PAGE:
The scarlet ibis picked out a boatless one in a green plaid suit adorned with gold chains. It was unusual to find a male monkey who dressed with such masculine pride. Hop. Hop. Hop. Went the little sparrow irresistibly. The monkey held out his sandwich, the entire sandwich, but the sparrow kept hopping, waiting for crumbs.

This was too much for the scarlet ibis, who leapt over a little wooden fence, took to the air, swept down and plucked the entire sandwich in the tip of his long beak, and flew off while a chorus of angry pigeons and sparrows complained.

But it was a salami sandwich and an ibis would no more eat salami than eat a worm, so he tossed it to the other birds. He had to find some shrimp soon or his color would fade and he would start looking like a girl!

None of this suited the quetzal. He lived alone and plucked food where he found it and didn’t beg and didn’t eat with other birds. But . . .

There was a monkey man dressed in dull, dark colors, as though he were trying to look like a woman. Hop, hop, hop went the sparrow.

Suddenly the quetzal saw green. The man had an avocado sandwich. The quetzal did not need a strategy, he knew what to do. He unfurled his two-foot-long tail feather and leapt in the air. The human was so startled by this rare sight he did not notice all the avocado fall out of his sandwich to the ground, where it was quickly consumed by the pigeons. When the quetzal landed, the sparrows were finishing the last of the bread, the avocado was all eaten.

Birds don’t cry. They have no tears.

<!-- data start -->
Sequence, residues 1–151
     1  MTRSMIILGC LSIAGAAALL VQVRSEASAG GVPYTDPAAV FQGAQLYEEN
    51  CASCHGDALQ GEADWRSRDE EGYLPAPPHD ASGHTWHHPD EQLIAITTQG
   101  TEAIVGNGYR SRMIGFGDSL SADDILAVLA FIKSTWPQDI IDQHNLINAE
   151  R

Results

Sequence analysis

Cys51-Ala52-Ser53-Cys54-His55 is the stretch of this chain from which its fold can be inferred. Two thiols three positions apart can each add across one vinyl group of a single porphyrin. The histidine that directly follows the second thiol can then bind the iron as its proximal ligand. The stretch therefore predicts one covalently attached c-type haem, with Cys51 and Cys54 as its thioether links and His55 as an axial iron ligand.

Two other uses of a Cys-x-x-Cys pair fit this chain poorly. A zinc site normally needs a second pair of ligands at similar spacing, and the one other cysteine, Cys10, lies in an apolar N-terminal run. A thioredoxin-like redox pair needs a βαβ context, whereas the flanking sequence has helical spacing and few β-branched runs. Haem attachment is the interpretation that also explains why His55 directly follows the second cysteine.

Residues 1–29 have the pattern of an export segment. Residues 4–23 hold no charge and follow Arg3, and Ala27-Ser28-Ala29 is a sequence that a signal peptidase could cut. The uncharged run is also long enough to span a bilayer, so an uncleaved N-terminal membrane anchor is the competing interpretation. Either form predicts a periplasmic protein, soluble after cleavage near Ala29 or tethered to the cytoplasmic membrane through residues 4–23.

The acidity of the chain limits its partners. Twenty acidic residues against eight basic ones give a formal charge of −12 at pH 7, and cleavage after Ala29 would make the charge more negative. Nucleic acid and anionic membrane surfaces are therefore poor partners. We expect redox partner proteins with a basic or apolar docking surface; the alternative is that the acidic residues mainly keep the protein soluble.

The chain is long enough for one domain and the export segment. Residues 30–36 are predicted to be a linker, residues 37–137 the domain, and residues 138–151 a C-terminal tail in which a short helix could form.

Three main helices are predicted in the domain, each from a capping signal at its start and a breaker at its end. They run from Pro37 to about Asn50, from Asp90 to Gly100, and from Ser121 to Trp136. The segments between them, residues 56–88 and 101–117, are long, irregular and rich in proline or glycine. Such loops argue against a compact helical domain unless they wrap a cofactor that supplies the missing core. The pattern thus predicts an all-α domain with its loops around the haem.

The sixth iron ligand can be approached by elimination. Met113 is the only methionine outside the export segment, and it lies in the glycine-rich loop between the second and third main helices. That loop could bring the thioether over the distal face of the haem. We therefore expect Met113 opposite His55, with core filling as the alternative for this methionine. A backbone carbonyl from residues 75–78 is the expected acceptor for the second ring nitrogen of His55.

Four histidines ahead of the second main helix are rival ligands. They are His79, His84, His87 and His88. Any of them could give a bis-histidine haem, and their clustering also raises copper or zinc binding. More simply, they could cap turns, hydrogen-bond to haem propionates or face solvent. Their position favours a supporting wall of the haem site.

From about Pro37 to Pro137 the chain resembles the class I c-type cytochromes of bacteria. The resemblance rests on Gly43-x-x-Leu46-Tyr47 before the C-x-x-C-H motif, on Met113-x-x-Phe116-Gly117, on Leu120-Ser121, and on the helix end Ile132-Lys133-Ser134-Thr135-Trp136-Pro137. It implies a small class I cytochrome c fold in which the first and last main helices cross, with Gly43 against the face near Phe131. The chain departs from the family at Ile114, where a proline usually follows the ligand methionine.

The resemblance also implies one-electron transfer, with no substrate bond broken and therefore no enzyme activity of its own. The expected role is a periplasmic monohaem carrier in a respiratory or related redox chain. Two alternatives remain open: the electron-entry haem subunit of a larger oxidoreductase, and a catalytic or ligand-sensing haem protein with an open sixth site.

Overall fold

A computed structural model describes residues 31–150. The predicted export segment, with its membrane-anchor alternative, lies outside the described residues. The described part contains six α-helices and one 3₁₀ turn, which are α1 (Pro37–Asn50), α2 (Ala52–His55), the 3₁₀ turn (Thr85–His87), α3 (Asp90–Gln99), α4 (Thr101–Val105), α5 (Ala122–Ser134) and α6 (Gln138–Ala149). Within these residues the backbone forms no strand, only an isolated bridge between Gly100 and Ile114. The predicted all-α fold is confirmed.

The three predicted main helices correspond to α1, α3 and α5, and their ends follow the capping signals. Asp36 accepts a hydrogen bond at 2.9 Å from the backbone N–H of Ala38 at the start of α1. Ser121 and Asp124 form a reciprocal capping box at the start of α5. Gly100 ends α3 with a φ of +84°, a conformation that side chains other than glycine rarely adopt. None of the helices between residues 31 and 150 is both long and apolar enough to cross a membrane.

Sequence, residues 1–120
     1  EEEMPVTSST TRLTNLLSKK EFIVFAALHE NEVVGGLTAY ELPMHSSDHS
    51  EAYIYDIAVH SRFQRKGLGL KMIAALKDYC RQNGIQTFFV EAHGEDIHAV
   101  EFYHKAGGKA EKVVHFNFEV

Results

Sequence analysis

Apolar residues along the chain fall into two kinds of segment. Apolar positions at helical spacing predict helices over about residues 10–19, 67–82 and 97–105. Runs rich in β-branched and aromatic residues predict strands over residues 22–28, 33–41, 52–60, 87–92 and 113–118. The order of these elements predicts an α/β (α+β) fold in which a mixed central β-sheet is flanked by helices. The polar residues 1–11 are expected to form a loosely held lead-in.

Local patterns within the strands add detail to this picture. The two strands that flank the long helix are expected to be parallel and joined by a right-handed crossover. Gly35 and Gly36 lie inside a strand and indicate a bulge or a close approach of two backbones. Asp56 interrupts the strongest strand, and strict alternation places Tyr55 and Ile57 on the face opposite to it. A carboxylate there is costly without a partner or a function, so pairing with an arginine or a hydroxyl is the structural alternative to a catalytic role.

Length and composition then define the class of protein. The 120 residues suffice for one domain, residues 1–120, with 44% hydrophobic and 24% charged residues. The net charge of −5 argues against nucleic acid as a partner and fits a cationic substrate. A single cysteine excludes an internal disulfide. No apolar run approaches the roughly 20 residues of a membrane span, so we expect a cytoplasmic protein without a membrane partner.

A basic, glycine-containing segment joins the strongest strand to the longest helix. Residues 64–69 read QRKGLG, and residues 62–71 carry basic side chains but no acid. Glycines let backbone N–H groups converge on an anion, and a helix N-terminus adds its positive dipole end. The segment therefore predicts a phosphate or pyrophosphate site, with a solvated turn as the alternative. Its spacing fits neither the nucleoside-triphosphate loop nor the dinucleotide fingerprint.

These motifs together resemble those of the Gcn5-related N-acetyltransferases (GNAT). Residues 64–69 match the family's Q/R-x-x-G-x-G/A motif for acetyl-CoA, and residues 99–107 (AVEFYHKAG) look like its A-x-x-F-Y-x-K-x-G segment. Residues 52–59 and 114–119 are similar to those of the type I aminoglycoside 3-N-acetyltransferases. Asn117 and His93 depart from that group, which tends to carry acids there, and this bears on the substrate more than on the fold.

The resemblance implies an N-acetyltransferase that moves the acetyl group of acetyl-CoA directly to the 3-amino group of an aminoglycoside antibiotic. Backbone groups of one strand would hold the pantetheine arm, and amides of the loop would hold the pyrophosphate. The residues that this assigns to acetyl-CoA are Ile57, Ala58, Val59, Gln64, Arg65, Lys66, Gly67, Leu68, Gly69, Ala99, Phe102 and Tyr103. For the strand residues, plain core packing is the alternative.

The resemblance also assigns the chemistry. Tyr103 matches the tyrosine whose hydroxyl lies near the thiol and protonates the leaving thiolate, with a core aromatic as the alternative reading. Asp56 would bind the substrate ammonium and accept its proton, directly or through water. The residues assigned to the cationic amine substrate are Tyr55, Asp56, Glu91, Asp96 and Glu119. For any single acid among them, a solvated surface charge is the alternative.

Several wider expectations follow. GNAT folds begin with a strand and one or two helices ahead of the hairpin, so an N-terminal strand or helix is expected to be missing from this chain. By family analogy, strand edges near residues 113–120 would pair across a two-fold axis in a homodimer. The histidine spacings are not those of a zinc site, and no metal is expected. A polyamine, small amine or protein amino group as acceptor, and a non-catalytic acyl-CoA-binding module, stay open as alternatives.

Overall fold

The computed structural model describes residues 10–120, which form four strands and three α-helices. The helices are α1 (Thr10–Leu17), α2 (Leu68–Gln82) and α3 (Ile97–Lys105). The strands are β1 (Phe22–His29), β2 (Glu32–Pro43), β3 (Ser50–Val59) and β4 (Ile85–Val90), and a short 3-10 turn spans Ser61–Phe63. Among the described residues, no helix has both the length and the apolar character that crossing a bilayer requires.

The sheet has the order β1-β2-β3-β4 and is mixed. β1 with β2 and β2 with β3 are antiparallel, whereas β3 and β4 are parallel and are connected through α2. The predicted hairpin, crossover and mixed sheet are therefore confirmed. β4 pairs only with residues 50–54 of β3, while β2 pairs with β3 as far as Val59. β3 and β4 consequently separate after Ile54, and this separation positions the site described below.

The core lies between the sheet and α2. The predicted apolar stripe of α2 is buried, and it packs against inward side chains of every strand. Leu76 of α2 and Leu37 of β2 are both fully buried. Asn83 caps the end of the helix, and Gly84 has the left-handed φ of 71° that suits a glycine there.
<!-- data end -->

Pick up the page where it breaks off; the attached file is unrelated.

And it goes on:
*   *   *

Ramona Pensky could see the whole thing from her window. She saw that Arab or whatever he was, tall and thin, an Ichabod Crane with a spyglass, pacing around in front of her building, looking in the windows, up on the roof. Why? What was he up to? She wasn’t going to let this happen to her again. She had been victim to one attack already. In her mind, her husband’s dalliances on the day of the World Trade Center attack made her a victim. Her lawyer had argued this and the idea had become fixed in her mind.

Signs had been posted all over the city saying “If you see something, say something,” and they gave a phone number that she had written down. Buses had signs on them boasting of the number of New Yorkers who had called. Two months ago in a snowstorm, out of desperation because she could not find a taxi, she took a subway and an announcement came over the loudspeaker asking her to report “any suspicious activity.” The announcement had been striking because the recording was clear and she could understand every word, unlike the useful announcements such as the one about the local train going express that would have saved her an unnecessary journey to the Bronx, had she been able to decipher it.